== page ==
Homily – May 2

Have you ever had the experience of waiting and watching and praying as someone you love lay dying? They may have been in a coma or in and out of consciousness. You think every breath is their last but still they hand on. At last they slip away and it is over. If the person is conscious and somewhat alert his/her words are especially important. Often these last words express their love for the family, their concern that all will be well, ‘take care of your mother, take care of your father, and keep the family together’. Last words may be asking for forgiveness, understanding. But these final words are treasured, remembered and repeated by the person’s survivors.
As you know our gospel is taken from that long, last conversation Jesus had with this disciples at what we’ve come to know as ‘the last supper.’ At that supper he tried to distill all the things he’d taught over the last three years. These last words of Jesus were treasured, remembered and repeated by the first followers of Jesus. They are the source of our scriptures.
The intensity of the time these last words were spoken is best summed up in the simple phrase, “having loved his own who were in the world, he loved them to the end.” Imagine the hurt in the heart of Jesus as he saw Judas with whom he’d just broken bread go out into the night to begin his process of betrayal. Putting that disappointment aside Jesus offered his friends one last gift, one last ever important legacy: ‘I give you a new commandment, that you love one another. Just as I have loved you, you also should love one another.’ Then comes the clincher; ‘by this everyone will know you are my disciples if you have love for one another.’ Love for another is the acid test of our authenticity as Christian, our proof positive.
These are Christ’s final words to each of us, words to be treasured, remembered and especially lived. His words challenge us every day of life. Love one another as I have loved you. Jesus’ love for us was so profound, so authentic that he gave his life for us. This is my body broken for you, this is my blood shed for you. One can have no greater love than to lay down one’s life for a friend. St. Paul tells us that what proves Christ loves us is that while we were still sinners Christ died for us.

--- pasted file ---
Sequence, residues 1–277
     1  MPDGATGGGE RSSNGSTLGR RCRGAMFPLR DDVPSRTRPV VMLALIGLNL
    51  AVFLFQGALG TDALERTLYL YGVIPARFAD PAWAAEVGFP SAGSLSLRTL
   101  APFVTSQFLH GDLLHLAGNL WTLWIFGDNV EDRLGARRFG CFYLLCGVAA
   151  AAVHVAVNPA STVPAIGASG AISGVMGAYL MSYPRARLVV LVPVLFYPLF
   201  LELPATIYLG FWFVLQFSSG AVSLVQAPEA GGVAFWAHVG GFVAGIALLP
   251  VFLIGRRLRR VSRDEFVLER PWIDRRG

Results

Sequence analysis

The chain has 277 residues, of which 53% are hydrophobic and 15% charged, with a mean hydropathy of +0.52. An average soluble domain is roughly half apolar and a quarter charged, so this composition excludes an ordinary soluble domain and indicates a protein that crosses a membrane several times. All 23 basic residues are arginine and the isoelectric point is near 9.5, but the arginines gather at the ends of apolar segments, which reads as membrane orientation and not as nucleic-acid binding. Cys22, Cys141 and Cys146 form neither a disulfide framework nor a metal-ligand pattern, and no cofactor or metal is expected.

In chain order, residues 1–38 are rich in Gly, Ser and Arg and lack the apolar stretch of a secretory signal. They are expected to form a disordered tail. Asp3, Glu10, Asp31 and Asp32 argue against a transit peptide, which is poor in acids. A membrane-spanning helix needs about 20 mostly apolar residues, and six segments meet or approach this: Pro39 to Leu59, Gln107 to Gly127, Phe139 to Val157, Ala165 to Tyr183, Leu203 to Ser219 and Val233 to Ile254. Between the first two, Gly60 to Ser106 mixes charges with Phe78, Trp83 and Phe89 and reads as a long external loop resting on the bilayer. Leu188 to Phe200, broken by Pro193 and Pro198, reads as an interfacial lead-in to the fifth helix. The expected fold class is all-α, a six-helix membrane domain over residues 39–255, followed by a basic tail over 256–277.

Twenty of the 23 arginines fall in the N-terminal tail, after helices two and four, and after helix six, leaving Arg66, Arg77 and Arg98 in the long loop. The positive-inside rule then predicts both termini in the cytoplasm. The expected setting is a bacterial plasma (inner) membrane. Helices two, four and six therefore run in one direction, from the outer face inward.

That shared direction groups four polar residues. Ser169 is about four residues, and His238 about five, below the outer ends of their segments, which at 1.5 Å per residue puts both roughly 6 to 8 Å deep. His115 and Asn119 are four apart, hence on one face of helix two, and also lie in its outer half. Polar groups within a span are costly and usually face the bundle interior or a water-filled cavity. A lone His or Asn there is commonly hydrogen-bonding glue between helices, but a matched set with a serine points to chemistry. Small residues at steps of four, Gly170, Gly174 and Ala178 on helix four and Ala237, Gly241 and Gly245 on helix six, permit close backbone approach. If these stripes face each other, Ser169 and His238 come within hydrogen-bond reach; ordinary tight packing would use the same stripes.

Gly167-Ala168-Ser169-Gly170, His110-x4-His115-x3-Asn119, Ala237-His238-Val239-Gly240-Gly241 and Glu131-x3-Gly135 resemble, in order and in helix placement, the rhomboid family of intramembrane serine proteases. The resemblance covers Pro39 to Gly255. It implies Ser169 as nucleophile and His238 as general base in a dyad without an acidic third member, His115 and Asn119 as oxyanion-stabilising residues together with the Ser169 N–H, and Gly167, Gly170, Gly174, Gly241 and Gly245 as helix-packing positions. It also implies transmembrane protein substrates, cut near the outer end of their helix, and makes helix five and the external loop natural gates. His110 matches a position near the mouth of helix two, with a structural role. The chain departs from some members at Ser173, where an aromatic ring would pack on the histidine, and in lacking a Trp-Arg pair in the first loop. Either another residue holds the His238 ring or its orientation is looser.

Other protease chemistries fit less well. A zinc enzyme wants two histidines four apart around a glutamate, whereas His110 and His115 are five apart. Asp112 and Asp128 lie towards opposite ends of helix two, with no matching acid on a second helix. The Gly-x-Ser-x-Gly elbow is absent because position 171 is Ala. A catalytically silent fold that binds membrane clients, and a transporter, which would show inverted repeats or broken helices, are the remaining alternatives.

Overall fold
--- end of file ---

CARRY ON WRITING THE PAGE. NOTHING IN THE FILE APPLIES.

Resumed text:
Can we repeat that love in our daily living? We all know it isn’t easy. Sometimes we fail miserably. Sometimes we’ve held a grudge for years cutting someone out of our lives completely. Sometimes we’ve heard ourselves making racist or sexist jokes. Sometimes we’ve found ourselves resenting new neighbours, new parishioners who come from ‘God knows where’. Sometimes. By God’s grace, not all the time.
By this all will know that you are my disciples if you have love for one another. Remember I asked this question once before; “if you were arrested for being Christian would there be enough evidence to convict you”? That’s a rough question. Would we have to say guilty as charged? Or could we point to things in our lives – those cups of cold water we’ve offered to others at different times, could we point to attitudes and values we try to live, a growing respect for men and women of other faiths and cultures and life styles, a growing awareness of fragility and woundedness of creation, a greater concern for the poor and homeless of our community, could we point to our generosity to appeals for help from people in need? If we were arrested for being a Christian would there be enough evidence to convict us? Let’s hope so. We’re working on it every day of life. We’re trying to bear witness to our faith by what we say and what we do; we’re trying to live this Mass outside these walls. We’re trying.
As we continue to celebrate this Mass we pray for ourselves and for each other that nourished by Jesus our Bread of Life we will be given the strength to live this new commandment – love one another as I have loved you.